One of the things that's most exciting to me about launching Copper Bottle is the opportunity it provides to partner with amazing artists while ensuring they co-own the work we make together.
That together is a key word. Comics are made by writers and artists working collaboratively! But while writers get interviewed about comics all the time, artists rarely get their brains picked the same way. We're gonna change that here!
In our "Ask The Artist" series, pop culture writer Dave Richards will sit down with the brilliant atists working on Copper Bottle comics, digging into their influences, processes, and journeys.
Up first: the incredible Dave Acosta, my collaborator on DRAGON and TERRORWAR!
Ask the Artist: TERRORWAR’s Dave Acosta
by Dave Richards
Comics is the perfect medium for genre fiction. That's because the hours an artist spends at their drawing table can bring to life hardbitten detectives, two-fisted pulp heroes, sword-and-sorcery heroines, horror hostesses, and medieval soldiers in ways film directors can only dream of. They're also a chance for artists and writers to forge deep collaborations that allow them to take their tales to a whole other level. Artist Dave Acosta has made a name for himself doing just that with partnerships and projects that have allowed him to bring to life a variety of fantastic fictional worlds.
His latest collaborator is writer Saladin Ahmed. In their upcoming Kickstarter backed graphic novel, DRAGON, Acosta and Ahmed put a new medieval spin on a classic horror tale, and in their upcoming Copper Bottle series, TERRORWAR, the duo bring to life a dystopian sci-fi world where a normal guy must face down a mysterious, monstrous, and predatory force. I spoke briefly with Acosta about both of these projects and his past work and influences.
Your past work suggests a passion for pulp adventure characters. What is it about proto-superheroes like Doc Savage and the Shadow, and sword-and-sorcery style adventurers like Red Sonja that make them so appealing to draw?
DA:I have shifted between licensed pulp characters, such as The Shadow, or Doc Savage, and independent horror projects, such as TWELVE DEVILS DANCING and DRAGON, for years. But more important than characters, are the writers attached to the project. I’ve worked with David Avallone on the majority of the licensed stuff for the last 7 years or so. We have a great short hand and similar tastes.
It's also clear you have a lot of fun drawing characters like Elvira who combine horror and humor; two qualities that can go great together with the right balance. Is it hard for you to mix horror and humor?
I love mixing humor and horror. They compliment each other, compositionally. Jokes can land better if you build lots of tension first. I am a huge horror fan and my favorite film is EVIL DEAD 2, which uses comedy to great effect. When Bruce Campbell uses A FAREWELL TO ARMS to trap his severed, possessed hand under a pail - that’s my kind of stuff.
DRAGON, your first collaboration with Saladin, looks at the legend of Dracula from a different point of view. So, it feels like a natural fit for you given your love of horror. What did you enjoy most about Saladin's script for the book?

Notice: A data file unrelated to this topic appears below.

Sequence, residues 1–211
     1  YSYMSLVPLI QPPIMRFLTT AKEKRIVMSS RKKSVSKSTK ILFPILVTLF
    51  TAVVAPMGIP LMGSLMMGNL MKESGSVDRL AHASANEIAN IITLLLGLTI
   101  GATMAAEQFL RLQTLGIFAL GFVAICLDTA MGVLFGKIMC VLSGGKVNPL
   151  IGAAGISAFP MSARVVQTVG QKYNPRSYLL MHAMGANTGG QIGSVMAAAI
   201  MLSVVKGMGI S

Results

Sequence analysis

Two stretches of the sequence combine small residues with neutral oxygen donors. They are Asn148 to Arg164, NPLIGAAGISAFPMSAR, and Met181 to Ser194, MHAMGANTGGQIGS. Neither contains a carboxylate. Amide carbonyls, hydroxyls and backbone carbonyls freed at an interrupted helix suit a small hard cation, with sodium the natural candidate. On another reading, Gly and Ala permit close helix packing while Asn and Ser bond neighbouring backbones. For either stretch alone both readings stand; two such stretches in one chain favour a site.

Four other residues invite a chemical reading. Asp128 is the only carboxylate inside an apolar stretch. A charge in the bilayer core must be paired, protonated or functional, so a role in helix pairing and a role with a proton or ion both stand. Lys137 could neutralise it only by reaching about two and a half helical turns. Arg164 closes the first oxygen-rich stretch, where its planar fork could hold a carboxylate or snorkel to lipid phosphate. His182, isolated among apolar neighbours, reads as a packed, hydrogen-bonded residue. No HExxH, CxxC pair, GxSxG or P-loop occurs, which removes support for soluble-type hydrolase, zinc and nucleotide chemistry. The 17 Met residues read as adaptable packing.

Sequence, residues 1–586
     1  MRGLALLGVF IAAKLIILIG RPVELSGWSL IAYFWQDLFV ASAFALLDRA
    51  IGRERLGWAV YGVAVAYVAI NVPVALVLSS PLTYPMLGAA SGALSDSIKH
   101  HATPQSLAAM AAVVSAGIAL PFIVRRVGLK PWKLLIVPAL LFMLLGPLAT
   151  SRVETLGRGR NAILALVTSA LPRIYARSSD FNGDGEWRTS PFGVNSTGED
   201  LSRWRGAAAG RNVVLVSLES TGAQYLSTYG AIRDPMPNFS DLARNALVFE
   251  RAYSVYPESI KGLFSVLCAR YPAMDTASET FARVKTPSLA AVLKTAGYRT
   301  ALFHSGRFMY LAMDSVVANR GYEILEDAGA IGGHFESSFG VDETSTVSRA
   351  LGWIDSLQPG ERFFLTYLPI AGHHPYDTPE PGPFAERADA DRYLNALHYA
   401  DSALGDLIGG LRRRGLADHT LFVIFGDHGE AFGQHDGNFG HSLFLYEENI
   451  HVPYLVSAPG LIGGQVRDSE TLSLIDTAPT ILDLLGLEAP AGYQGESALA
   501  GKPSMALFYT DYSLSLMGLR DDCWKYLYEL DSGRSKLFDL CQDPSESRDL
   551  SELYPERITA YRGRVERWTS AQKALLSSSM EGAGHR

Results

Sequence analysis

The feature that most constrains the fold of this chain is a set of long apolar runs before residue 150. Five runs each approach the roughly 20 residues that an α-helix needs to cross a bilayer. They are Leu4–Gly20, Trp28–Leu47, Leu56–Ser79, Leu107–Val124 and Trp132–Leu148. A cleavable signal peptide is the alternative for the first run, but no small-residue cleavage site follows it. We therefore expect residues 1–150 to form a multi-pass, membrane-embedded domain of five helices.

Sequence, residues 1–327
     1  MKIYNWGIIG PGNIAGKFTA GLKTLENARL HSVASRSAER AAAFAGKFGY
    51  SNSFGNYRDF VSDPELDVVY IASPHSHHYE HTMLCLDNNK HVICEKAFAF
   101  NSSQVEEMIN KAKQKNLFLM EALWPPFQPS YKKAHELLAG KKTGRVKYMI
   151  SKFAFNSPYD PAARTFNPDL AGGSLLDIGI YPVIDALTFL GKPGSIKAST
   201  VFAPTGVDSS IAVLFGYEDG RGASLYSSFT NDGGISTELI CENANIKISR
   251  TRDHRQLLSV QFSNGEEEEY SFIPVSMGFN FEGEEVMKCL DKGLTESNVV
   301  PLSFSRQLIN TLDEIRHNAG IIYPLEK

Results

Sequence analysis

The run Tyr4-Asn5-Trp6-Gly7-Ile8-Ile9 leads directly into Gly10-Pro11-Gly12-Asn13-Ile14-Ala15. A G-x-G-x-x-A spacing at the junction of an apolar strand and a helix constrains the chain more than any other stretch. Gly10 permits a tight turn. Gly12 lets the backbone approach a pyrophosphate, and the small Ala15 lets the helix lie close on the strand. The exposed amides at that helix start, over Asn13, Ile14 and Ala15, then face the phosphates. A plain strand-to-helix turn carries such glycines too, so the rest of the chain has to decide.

What I loved most about DRAGON was how Saladin took a centuries old story and set it from a perspective we aren’t used to seeing. We’ve seen the euro-centric vampire tale a million times. But just east of Wallachia, lies Istanbul, a gateway between East and West. We often forget how much trade routes connected the medieval world. So DRAGON lets us see things through the eyes of an elite soldier for the Ottoman Empire, and how he reacts when confronted with this horror. It was super exciting to draw something like this, which I had never seen before.
With TERRORWAR, you and Saladin are building a sci-fi, dystopian, future world from scratch. What elements of the project are you most excited about?
Before I was a horror fanatic, I was obsessed with sci-fi. There was so much great science fiction when I was growing up in the 80s. <i>TerrorWar</i> is a chance for me to get into Syd Mead mode. It’s so fun to design future tech and architecture, and then of course, put a layer of dystopic grime over it.
DRAGON was so heavily researched to make it grounded in a certain historical place and time, that half your day can be spent gathering reference. But the sci-fi setting really allows your mind to wander. You don’t have to worry about how or why any of it works, it just does! Very freeing.
Finally, as an artist, what's your sense of TERRORWAR’s protagonist, Muhammad Cho? Which elements of his character did you really want to capture and bring forward in your depictions?
The interesting thing about Muhammad Cho, is that he’s not a big strong hero. He’s not exceptional. Not a prophesied hero, last of an alien race, or eccentric billionaire. He’s a scrappy, regular guy who has a knack for his job - which happens to be fighting off the physical embodiment of other people’s nightmares.
I hope this interview helps get you guys hyped for TERRORWAR, coming this fall. Subscribe to Copper Bottle to keep up with everything we publish!